Texas Cooperative Extension, Texas A&M University System
Department of Entomology, Texas A&M University
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Water Scavenger Beetle
A water scavenger beetle,  Photo by Drees.
Click on image to enlarge
A water scavenger beetle,
(Coleoptera: Hydrophilidae).
Photo by Drees.
Common Name: Water scavenger beetle
Scientific Name:
Order: Coleoptera

Description: Adults have short, clubbed antennae which are sometimes hidden beneath the head. Their mouthparts (maxillary palpi) are elongated and hair-like (filiform) and may be mistaken for antennae. Most species have a conspicuous keel or ridge between the legs which extends backward into a point. The hind legs have long hairs that aid in swimming. Their bodies are usually not as flattened as predaceous diving beetles (Coleoptera: Dytiscidae) with which they can be confused. They surface for air head first and trap air to breath under the wing covers (elytra) and "row" by alternating the hind legs, producing a wiggle from side to side as they swim. They range in size up to 1-1/2 inch (40 mm). Larvae may be up to 2-3/8 inches (60 mm) long. Their jaws (mandibles) are usually toothed. The abdomen often has a wrinkled appearance and often has long filaments extending from the sides (some predaceous diving beetles also have filaments). The tail filaments are usually short.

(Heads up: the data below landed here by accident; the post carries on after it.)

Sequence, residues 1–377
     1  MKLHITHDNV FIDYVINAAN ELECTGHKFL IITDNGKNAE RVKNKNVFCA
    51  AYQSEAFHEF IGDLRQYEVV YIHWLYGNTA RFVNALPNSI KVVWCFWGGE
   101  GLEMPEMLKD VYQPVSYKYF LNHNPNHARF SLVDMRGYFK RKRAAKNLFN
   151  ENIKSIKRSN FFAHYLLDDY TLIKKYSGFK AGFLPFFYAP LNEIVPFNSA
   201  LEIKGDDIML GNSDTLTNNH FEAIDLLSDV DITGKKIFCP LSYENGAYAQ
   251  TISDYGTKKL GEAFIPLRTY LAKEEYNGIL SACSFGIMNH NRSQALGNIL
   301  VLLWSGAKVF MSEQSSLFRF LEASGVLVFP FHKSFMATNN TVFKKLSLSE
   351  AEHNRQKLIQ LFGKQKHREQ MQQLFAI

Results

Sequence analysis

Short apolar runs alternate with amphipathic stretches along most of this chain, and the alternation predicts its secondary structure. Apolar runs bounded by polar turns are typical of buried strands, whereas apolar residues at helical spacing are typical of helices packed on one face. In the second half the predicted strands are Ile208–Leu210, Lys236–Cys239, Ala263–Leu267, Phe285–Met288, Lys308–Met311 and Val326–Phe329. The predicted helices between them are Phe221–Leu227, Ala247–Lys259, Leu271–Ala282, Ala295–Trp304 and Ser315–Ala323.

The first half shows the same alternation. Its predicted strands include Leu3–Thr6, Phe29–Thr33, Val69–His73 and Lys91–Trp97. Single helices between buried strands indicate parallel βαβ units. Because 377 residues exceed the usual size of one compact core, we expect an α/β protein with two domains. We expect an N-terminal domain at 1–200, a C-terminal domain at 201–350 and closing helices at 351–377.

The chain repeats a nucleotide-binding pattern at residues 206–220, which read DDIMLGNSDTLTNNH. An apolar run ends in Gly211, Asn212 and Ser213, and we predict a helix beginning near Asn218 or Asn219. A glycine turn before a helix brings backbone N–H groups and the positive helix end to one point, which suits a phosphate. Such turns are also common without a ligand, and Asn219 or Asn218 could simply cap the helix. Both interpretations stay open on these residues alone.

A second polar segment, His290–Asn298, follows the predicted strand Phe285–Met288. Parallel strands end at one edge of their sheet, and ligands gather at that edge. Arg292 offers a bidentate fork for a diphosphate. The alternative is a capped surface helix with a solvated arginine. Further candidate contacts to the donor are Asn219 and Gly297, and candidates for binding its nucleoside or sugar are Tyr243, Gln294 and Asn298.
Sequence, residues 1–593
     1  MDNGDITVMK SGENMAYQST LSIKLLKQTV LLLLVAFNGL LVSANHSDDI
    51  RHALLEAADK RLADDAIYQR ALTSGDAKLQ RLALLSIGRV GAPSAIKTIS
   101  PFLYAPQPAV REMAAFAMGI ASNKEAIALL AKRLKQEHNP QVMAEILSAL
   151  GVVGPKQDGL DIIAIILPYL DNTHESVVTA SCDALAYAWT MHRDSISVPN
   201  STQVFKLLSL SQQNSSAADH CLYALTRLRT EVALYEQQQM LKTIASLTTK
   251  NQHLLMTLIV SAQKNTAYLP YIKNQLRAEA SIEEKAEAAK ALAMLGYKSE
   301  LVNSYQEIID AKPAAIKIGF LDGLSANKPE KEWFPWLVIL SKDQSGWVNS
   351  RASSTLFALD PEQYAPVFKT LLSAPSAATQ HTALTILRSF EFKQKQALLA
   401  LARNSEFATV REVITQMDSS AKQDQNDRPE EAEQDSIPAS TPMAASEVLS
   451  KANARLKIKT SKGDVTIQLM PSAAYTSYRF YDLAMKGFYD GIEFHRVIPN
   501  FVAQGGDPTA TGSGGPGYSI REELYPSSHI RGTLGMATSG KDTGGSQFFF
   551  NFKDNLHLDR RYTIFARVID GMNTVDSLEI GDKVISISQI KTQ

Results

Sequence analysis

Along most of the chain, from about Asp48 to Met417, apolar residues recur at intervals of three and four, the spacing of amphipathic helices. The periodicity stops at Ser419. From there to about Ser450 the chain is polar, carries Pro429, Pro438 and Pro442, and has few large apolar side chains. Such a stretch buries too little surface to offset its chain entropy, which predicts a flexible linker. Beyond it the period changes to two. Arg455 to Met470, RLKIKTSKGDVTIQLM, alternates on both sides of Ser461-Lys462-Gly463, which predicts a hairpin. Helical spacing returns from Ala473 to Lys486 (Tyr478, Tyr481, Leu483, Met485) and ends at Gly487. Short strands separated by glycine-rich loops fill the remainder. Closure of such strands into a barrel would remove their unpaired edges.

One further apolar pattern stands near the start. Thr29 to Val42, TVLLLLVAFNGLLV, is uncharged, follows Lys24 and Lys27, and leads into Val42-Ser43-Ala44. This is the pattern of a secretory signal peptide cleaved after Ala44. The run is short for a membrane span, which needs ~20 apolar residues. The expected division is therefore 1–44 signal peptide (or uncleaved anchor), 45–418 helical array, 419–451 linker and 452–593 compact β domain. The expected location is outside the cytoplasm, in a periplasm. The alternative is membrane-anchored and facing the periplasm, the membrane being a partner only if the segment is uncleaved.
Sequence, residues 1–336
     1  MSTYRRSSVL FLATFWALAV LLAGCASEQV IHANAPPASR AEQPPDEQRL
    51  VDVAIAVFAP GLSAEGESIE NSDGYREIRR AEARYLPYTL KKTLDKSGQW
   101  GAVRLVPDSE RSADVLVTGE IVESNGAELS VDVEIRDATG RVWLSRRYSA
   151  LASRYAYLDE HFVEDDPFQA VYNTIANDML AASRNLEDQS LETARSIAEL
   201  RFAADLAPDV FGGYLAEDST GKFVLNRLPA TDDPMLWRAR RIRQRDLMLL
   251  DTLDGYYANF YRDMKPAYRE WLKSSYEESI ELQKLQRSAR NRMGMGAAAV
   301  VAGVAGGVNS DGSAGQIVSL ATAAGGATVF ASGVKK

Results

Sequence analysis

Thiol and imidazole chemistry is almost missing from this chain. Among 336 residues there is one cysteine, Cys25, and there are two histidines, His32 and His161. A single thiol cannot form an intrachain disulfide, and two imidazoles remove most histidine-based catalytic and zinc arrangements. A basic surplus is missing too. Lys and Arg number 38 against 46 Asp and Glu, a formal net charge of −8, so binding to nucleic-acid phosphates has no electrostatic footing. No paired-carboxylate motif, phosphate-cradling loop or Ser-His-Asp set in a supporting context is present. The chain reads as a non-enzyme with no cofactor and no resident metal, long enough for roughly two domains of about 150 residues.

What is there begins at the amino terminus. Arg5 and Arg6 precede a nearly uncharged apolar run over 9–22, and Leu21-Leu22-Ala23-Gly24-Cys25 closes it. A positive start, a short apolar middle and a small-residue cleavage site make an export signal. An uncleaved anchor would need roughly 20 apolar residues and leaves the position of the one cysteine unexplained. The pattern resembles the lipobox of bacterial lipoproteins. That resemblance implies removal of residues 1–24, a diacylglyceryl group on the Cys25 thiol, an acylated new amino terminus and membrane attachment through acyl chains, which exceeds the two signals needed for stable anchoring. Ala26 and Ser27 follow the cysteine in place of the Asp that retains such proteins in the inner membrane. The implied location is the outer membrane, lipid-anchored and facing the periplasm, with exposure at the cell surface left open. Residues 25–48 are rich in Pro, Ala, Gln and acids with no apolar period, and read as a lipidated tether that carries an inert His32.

Life Cycle: Egg-laying (oviposition) sites vary, although females of a few species carry eggs on their bodies. Some species of males stridulate or chirp to locate mates. Pupation is generally terrestrial.

Habitat and Food Source(s): Mouthparts are for chewing. They are usually found in ponds, shallow lakes and along the shoreline of flowing water, although one subfamily is found in dung. Adults are general feeders or feed on decaying organic matter (omnivorous or detritus feeding) but a few are predaceous. Most larvae are predaceous, although some feed on plants. Adults may be found at lights.

Pest Status: Water scavenger beetles are not pests but the large species may be noticed.

Management: None, this is a beneficial insect.

For additional information, contact your local Texas AgriLife Extension agent or search for other state Extension offices.

Literature: McCafferty 1981.

From the book:
Field Guide to Texas Insects,
Drees, B.M. and John Jackman,
Copyright 1999
Gulf Publishing Company,
Houston, Texas

A Field Guide to Common Texas Insects, Bastiaan M. Drees and John A. Jackman.


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